• NOAA Fisheries has designated two areas as critical habitat for North Atlantic right whales. These areas provide important feeding, nursery, and calving habitat: 1) Off the coast of New England (foraging area); and 2) Off the southeast U.S. coast from Cape Fear, North Carolina, to below Cape Canaveral, Florida (calving area)

2) What Scientists Say
“Right whale coalition calls for moratorium on wind turbines to protect endangered species”, Rachael Devaney, Cope Cod Times, November 21, 2021

Access the complete article by clicking on this link: https://www.capecodtimes.com/story/news/2021/11/25/new-group-tries-stop-offshore-wind-turbine-vineyard-wind-project-protect-right-whales/8692329002/

HIGHLIGHTS
Jessica Redfern, senior scientist and Chair of the Spatial Ecology, Mapping, and Assessment Program at the Anderson Cabot Center for Ocean Life at the New England Aquarium1 in Boston:

  • She stated that the situation for right whales is dire. The latest estimates show the total right whale population at 336 in 2020, an 8% percent decrease from 2019 and a 30% decrease since 2011, according to the New England Aquarium website.
  • “One of the stressors for right whales is climate change and offshore wind is something that will help reduce climate change — which we know for sure is having negative impacts on the right whales.”
  • While the impact of offshore wind projects “remains largely unknown,” Redfern said, Vineyard Wind hopes to eliminate 1.68 million metric tons of carbon dioxide emissions annually — the equivalent of taking 325,000 cars off the road, according to Vineyard Wind’s website.
  • In order for offshore wind development to move forward, Redfern said, development must be done in a manner that “minimizes potential impacts” to the right whale and advocates for visual observations in the air and on the ocean, as well as passive acoustic monitoring.

1 From its website: “The Anderson Cabot Center for Ocean Life at the New England Aquarium is a groundbreaking initiative designed to expand the Aquarium’s cutting-edge applied marine research and data-driven conservation solutions.
Through the work of the Anderson Cabot Center, our researchers offer practical solutions to mitigate human impacts on our oceans. We promote these science-based solutions in New England and beyond, building on the Aquarium’s nearly 50-year legacy of protecting our blue planet and advocating for vital and vibrant oceans.”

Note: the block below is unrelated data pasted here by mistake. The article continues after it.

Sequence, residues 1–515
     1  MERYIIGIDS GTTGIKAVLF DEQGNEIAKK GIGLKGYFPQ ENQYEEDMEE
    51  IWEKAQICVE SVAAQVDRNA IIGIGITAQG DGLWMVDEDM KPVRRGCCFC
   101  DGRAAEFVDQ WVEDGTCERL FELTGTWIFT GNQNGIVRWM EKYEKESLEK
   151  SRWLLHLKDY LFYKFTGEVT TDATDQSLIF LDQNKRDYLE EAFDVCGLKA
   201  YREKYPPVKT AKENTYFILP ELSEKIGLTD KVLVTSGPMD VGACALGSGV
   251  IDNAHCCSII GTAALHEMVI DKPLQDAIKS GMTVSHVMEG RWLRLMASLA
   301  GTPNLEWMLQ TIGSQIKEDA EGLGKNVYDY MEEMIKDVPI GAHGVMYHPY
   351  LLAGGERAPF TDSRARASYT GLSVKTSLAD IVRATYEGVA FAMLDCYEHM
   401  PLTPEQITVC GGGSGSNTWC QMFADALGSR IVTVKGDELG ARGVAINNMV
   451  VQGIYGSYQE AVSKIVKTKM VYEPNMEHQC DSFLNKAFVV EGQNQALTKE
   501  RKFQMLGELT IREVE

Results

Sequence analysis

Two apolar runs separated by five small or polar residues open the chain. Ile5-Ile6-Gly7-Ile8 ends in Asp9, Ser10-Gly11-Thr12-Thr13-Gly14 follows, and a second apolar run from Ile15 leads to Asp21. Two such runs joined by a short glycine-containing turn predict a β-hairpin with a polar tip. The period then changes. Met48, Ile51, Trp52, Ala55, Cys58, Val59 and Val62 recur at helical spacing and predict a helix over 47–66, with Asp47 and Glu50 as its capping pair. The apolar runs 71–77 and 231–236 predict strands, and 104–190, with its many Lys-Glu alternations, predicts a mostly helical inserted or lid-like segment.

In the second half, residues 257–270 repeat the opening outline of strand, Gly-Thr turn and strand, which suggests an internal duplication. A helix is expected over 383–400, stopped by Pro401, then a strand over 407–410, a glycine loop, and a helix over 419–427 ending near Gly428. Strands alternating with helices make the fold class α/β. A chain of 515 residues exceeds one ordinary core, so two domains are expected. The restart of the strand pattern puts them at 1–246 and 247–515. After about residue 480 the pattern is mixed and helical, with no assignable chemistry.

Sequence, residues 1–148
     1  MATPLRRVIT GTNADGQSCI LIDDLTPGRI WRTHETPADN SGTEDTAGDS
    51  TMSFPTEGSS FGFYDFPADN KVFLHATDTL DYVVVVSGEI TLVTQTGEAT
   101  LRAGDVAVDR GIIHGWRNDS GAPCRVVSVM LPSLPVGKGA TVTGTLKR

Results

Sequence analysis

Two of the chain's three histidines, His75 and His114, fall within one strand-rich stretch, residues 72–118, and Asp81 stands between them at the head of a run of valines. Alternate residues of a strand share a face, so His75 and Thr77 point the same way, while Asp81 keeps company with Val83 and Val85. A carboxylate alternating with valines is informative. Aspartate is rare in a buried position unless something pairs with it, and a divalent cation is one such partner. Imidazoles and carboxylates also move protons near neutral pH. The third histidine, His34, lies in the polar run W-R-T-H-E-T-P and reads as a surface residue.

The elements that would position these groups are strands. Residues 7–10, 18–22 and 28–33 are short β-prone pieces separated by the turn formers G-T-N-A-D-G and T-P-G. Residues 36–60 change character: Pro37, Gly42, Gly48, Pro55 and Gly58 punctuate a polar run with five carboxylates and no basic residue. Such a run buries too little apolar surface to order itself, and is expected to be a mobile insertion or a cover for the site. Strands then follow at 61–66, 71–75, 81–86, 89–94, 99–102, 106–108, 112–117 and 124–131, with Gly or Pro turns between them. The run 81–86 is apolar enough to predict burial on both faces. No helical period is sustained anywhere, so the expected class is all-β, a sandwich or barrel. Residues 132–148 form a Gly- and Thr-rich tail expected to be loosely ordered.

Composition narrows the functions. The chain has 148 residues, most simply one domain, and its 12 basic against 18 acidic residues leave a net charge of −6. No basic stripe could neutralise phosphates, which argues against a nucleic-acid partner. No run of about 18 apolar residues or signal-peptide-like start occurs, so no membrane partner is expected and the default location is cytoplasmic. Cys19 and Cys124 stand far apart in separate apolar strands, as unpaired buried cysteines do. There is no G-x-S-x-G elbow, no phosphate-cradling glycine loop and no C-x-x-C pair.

Mark Baumgartner, senior scientist and marine ecologist at Woods Hole Oceanographic Institution2:

  • Vessel activities and associated construction can seem alarming, but he said he doesn’t envision a lot of impact on the right whale from wind farms. The plans that he has seen for wind farm construction show the turbines about a mile apart from one another and he does not envision a lot of impact that would affect food resources. • “Offshore wind is just one more industrial activity that these animals that live in the ocean have to deal with. I absolutely understand the concern. But hopefully we are doing our part trying to help these industries figure out how to minimize their impact on a species like the right whale.”
  • “Human populations need to be less reliant on fossil fuels in order to successfully boost right whale populations. Continuing to rely on fossil fuels is not good for the planet and not good for right whales — we know that. They are likely already responding to climate change as conditions in the ecosystem change in the Gulf of Maine and in the wider northwest Atlantic Ocean.”

3) What Scientists Can Do: A New Study Has Been Proposed
On May 19, 2022, the NJ Department of Environmental Protection announced a request for proposals (“RFP”). A brief overview, reproduced below, and information about submission deadlines and contact information were also included in the announcement.

“The New Jersey Research & Monitoring Initiative is seeking proposals to provide information about the movement and distribution of marine mammals through bottom mounted archival passive acoustic monitoring (PAM). The request for proposals (RFP) details can be found at https://www.nj.gov/dep/bids.html

The waters off New Jersey’s coast are part of the migratory corridor for several baleen whale species, including the critically endangered North Atlantic Right Whale. Understanding the temporal and spatial use of the waters of the inner and outer continental shelf by these species is essential for planning mitigation measures for offshore wind development. NOAA and BOEM have jointly made recommendations for the use of PAM for monitoring and mitigation programs supporting offshore wind energy development. . . .:”